Rethink tourism in Andamans: report

Written by Surabhi Agarwal | New Delhi, Aug 10 | Updated: Aug 11 2008, 07:50am hrs
With an aim to being back the tourists to the Andamans after the Tsunami lashed the islands, the government launched a slew a proposals to boost tourism in the Islands. Though the initiatives of the government have borne happy fruits, the fall out of it is more noteworthy.

A glance at the figures reveals that tourism in the Andamans has risen from less than 10,000 tourists in 1981 to over 1.27 lakh in 2006. Correlating the number of tourists with the population of the islands, for every 100 people there are 3 tourists. The boom in tourism in the area is putting pressure on the limited resources of the Island according to a report titled Rethink tourism in the Andamans carried out by Equations, a non-profit research and policy advocacy firm.

At a macro economic level currently tourism doesn't play a significant role in the economy of Andamans and Nicobar Islands (A&NI) both in terms of contribution to GSDP and employment. In terms of its contribution to revenue generation, tourism contributes 1.47% to indirect tax collection, which is not significant, says the report.

As the numbers say tourism is not having any major impact on the economy of the islands, however, the impact of increasing tourist arrivals is adding to the ecological fragility and geological sensitivity of the area. In the Andamans, forests cover 89.2% of the total geographical area. Currently, 14% of the land is revenue land and is used to human settlements, agriculture etc.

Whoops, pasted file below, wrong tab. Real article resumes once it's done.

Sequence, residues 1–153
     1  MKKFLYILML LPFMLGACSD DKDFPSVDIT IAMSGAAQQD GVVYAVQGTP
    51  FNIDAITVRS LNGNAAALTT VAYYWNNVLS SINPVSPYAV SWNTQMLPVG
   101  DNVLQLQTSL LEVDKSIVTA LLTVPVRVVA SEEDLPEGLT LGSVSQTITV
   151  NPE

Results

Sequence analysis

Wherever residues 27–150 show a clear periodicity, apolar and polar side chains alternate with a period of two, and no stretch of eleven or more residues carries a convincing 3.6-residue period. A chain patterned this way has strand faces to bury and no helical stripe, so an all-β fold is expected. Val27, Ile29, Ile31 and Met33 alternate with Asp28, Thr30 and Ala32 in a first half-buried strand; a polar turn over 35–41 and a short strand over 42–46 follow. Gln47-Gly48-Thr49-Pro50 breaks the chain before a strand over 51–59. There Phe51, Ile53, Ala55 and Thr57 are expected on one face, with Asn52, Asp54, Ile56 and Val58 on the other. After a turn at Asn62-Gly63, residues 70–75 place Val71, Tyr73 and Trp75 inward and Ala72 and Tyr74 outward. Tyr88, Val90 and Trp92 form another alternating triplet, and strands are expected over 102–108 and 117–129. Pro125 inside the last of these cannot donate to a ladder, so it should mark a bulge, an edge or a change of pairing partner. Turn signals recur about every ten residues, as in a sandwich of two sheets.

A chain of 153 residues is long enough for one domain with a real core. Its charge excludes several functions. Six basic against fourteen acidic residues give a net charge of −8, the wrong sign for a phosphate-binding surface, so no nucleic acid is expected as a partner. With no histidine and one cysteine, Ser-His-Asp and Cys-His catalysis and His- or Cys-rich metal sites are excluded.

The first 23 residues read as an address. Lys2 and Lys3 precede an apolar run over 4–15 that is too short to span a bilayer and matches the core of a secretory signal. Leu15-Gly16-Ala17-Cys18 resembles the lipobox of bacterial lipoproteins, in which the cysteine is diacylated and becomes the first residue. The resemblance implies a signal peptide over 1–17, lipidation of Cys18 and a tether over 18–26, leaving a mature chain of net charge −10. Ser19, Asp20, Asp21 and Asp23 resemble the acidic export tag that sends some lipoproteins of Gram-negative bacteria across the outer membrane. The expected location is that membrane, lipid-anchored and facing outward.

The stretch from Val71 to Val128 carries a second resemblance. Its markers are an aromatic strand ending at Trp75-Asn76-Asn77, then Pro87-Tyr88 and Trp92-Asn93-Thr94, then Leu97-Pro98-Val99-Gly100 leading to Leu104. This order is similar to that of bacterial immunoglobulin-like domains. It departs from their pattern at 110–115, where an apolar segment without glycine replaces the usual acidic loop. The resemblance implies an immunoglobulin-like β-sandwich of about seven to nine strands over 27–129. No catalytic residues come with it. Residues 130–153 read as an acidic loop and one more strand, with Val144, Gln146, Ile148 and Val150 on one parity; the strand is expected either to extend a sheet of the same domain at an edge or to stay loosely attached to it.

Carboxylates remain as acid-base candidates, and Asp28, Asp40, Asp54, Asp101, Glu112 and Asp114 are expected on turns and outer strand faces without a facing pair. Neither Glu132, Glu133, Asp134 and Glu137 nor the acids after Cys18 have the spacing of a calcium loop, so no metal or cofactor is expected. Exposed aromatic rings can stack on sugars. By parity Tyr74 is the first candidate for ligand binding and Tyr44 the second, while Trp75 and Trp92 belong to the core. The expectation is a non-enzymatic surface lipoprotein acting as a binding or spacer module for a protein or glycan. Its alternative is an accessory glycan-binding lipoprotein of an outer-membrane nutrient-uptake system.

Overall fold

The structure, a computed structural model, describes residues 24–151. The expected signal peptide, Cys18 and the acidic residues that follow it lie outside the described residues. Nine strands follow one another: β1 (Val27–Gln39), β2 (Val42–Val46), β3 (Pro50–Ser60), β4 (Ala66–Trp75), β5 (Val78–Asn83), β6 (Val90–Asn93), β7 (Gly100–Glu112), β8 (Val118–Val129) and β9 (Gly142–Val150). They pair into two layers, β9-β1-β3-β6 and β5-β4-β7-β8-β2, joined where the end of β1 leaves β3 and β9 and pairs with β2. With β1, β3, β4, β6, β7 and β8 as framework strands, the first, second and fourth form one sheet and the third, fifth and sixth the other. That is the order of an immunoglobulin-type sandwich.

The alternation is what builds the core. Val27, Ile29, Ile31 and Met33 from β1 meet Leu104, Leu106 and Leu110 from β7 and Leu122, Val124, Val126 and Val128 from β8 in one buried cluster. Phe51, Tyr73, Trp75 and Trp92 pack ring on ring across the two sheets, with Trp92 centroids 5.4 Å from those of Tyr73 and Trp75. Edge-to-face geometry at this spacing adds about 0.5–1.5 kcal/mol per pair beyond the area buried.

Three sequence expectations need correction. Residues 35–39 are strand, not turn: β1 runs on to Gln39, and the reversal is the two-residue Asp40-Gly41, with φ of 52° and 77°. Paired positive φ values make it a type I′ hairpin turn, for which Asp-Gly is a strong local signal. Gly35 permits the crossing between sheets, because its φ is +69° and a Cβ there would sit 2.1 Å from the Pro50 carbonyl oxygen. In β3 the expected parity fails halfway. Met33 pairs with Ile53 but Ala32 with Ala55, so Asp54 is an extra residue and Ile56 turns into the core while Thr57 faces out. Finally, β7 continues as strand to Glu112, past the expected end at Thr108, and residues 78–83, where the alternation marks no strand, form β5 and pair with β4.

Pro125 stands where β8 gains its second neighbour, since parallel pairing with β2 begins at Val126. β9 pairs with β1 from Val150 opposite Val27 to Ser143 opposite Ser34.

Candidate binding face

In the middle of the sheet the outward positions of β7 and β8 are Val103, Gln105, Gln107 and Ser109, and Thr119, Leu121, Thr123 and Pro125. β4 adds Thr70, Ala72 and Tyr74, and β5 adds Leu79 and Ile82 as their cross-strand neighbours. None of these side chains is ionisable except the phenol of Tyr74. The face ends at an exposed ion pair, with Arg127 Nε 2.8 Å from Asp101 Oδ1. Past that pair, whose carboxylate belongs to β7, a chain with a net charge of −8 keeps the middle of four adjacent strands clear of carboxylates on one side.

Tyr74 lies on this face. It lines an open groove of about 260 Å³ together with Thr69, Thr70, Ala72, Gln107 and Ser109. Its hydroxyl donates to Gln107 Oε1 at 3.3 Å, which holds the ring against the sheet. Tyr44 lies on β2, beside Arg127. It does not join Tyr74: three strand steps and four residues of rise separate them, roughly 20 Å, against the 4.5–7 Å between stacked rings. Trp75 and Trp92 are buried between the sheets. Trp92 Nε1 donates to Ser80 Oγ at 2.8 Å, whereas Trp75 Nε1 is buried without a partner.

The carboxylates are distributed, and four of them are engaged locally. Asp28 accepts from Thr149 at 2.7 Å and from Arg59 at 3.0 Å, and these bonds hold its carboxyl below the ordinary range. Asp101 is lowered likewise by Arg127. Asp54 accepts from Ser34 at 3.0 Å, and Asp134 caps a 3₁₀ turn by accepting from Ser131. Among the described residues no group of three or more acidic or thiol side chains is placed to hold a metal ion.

Conservation of island ecosystems is paramount because not only does a proportion of the people depend on them for livelihood, but because they also harbour half of the tropical marine biodiversity of the world, says the report.

Development in the wake of increasing tourism has taken its toll of the ecosystem of the area. The forest area is declining as it is being converted to agriculture; there has been loss in biodiversity due to encroachments, monoculture plantations are taking place apart from uncontrolled immigration into the islands.

According to the report, in 2006, there was a more significant rise in domestic tourist arrivals between the months of August and December. The reason for this is expected to be government's relaxing the LTC rules in May 2005 after Tsunami to give a push to tourism in the Islands. While 93% of the total arrivals are domestic, the rest are from foreign lands.

The relatively lower cost of holiday is what attracts maximum number of domestic tourists to the area apart from the fact that the islands have emerged as a hub for adventure sports like snorkelling, scuba diving and trekking which attracts foreigners to the place.